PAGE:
“We absolutely support the concept of ‘civilian administration’ [of naloxone] as a bridge to treatment,” says Guilford County EMS Director, Jim Albright. “Our agency goal is to treat overdoses as a medical condition, manage the immediacy of the emergency, and get patients into a sustained treatment program.”
Still, Albright and others in the medical and law enforcement community have concerns about giving naloxone directly to drug users. One common concern is that if drug users have the antidote to opiate overdose, they might use more drugs.
Dr. Caleb Banta-Green, a Senior Research Scientist at the Alcohol and Drug Abuse Institute at the University of Washington, has studied overdose interventions, including community naloxone programs, for many years.
“Evaluations done to date show that most people do not use more drugs just because they have naloxone available,” he says. “Are there people that will? Yes, probably a small proportion. But the measure of success of any health intervention isn't that it has the perfect, desired effect for every person, but that on average for most people it has a benefit and that benefit outweighs any potential harm.”
Another concern shared by Albright is that if people are trained on how to respond to an overdose with naloxone, they may delay calling 911 or not call at all. While evidence suggests that this may be true for some people, it may also be the case that people who wouldn’t call paramedics because they have naloxone wouldn’t call paramedics if they didn’t have naloxone either—and would try to revive the victim with a number of common but ineffective methods such as putting the person in a cold shower, placing ice on the groin, or injecting the victim with salt water, milk, or other drugs. While it is difficult to measure how naloxone access would affect 911 calls, delaying or forgoing help from emergency services is certainly a concern. Community groups that distribute naloxone should continue to stress the importance of followup medical care in response to an overdose.
Though there is some debate about which groups to prioritize for naloxone access, there is little doubt as to the benefits of training lay people and law enforcement on overdose response. The shared goal of preventing deaths can help alleviate historic tension between the two groups. Evidence from the Quincy Police Department in Massachusetts, who launched the first law enforcement naloxone program in 2010, shows that offering law enforcement the opportunity to save lives can change how officers view drug users and vice versa. In Quincy, drug users are actively seeking officers for help when a friend overdoses because they have something that rarely exists between drug users and law enforcement—trust. And police are starting to emphasize treatment over incarceration for low level drug offenders.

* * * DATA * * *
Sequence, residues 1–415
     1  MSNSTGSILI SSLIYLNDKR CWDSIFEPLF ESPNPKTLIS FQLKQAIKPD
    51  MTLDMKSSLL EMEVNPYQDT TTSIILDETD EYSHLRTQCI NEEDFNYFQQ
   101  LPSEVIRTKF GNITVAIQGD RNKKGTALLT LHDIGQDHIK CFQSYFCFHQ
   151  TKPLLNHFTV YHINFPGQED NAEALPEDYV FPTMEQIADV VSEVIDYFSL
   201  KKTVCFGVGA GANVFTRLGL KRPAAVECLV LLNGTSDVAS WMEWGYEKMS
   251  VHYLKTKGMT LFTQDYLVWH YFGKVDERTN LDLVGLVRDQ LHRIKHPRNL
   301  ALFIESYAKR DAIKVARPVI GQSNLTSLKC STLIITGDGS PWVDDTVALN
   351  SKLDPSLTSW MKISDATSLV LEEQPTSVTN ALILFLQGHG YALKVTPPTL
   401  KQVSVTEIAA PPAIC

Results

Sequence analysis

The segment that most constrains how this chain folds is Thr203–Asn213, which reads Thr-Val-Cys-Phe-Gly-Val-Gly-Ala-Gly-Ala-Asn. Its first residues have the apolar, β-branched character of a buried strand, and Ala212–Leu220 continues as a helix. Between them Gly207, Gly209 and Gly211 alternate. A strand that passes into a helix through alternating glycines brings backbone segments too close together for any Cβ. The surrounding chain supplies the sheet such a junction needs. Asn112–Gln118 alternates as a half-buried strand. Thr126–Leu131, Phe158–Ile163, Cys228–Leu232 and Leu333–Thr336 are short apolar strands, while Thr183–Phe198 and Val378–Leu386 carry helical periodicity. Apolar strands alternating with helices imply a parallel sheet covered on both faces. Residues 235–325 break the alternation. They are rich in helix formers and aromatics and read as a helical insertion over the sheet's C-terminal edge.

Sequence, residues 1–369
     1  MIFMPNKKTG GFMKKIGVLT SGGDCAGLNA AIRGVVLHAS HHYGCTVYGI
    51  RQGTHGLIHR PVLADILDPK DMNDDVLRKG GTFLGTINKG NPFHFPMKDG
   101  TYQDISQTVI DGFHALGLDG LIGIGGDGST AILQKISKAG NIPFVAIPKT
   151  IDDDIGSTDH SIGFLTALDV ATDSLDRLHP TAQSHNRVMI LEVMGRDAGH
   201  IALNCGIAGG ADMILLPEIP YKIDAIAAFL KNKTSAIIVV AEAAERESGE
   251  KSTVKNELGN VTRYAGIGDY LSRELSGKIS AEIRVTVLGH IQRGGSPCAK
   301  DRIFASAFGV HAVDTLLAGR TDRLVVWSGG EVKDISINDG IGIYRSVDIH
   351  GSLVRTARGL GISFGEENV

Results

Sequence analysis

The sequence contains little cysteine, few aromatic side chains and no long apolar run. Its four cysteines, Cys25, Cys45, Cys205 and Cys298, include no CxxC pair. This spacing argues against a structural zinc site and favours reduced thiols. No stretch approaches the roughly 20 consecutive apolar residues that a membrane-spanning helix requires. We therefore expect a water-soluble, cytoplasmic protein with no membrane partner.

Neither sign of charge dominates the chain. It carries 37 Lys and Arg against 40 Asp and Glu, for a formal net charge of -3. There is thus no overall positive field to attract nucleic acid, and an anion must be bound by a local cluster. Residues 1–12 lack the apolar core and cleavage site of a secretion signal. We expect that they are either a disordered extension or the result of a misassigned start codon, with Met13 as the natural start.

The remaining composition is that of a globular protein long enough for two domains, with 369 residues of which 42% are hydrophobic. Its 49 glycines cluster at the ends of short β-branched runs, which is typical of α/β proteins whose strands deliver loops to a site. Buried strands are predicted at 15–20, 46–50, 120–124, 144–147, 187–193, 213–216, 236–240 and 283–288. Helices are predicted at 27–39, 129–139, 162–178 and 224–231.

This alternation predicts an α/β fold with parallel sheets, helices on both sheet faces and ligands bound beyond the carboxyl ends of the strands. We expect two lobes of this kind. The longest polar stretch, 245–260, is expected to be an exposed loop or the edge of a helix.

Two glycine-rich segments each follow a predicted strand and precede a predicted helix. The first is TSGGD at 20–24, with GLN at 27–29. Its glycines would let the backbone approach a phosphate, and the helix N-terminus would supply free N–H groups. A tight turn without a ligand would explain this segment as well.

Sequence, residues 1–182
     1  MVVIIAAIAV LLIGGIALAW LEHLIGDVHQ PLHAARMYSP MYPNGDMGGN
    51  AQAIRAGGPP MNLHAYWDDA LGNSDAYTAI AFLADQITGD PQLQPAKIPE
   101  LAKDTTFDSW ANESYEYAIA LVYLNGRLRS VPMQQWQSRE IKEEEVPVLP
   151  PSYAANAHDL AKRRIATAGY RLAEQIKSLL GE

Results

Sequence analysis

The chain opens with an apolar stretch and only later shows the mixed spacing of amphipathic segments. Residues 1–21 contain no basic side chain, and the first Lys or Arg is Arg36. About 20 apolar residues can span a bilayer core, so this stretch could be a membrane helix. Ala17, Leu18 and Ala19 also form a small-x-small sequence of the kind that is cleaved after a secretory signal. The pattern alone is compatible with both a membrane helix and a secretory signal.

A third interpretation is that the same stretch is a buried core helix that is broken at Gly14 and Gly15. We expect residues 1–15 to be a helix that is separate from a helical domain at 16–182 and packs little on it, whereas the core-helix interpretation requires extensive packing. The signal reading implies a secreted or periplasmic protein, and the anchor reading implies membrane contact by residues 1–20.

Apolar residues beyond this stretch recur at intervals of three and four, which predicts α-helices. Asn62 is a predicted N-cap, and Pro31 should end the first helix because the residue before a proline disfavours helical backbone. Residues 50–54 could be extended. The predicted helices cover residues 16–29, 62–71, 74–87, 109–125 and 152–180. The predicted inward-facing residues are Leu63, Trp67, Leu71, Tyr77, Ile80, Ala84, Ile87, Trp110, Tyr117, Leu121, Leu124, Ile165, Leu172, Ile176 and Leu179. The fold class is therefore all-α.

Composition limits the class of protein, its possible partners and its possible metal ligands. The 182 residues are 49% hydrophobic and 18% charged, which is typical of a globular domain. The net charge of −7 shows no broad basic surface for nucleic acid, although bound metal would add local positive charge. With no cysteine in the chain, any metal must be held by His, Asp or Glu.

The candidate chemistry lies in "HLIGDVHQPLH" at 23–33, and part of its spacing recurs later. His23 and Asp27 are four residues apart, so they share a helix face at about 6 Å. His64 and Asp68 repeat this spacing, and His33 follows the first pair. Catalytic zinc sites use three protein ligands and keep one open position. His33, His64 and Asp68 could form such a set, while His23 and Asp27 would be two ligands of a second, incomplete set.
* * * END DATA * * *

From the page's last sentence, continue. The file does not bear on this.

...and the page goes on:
“Absolutely naloxone programs will improve relationships between law enforcement and drug users,” says Chief Ball of Holly Springs. “They change the mentality of ‘Let’s put everyone in jail’ to one that focuses on saving a life and giving that person another chance to get help.”
Perhaps nothing better illustrates how naloxone is already shifting law enforcement attitude towards drug use than the recent Police Executive Research Forum (PERF) National Summit on Illegal Drugs held in Washington D.C. in April 2014. During the Summit, more than 200 police executives from across the country joined federal officials and nonprofits such as the North Carolina Harm Reduction Coalition (where I work as the Advocacy and Communications Coordinator) to discuss the issue of opiate drugs and naloxone. Much of the debate centered around law enforcement naloxone programs—and officers were overwhelmingly in favor.
U.S. Capitol Police Chief Kim Dine, remarking on the discussion, said, “This is historic. We are hearing police officials from across the country saying, ‘Heroin is a medical problem.’ That is not the way we have viewed this for the last 40 years…We have put a lot of people in jail, and we have hurt police-community relations in a lot of ways by the way police agencies have historically approached the drug issue.”
As the national discussion on drug policy shifts towards a more health-based approach, overdose prevention and naloxone will likely play key roles. It is vitally important that stakeholder groups such as people affected by drug use, law enforcement, and the medical community avoid territorial issues or the temptation to belittle each other’s contribution towards ending the overdose crisis. There is room for everyone at the table. All that remains is to ensure that everyone feels welcome.
Tessie Castillo is the Advocacy and Communications Coordinator at the North Carolina Harm Reduction Coalition. She writes a regular column for The Huffington Post on overdose prevention, drugs, sex work, HIV/AIDS, law enforcement safety and health. She last wrote about the rise of naloxone distribution programs and joined The Fix's new Ask An Expert section.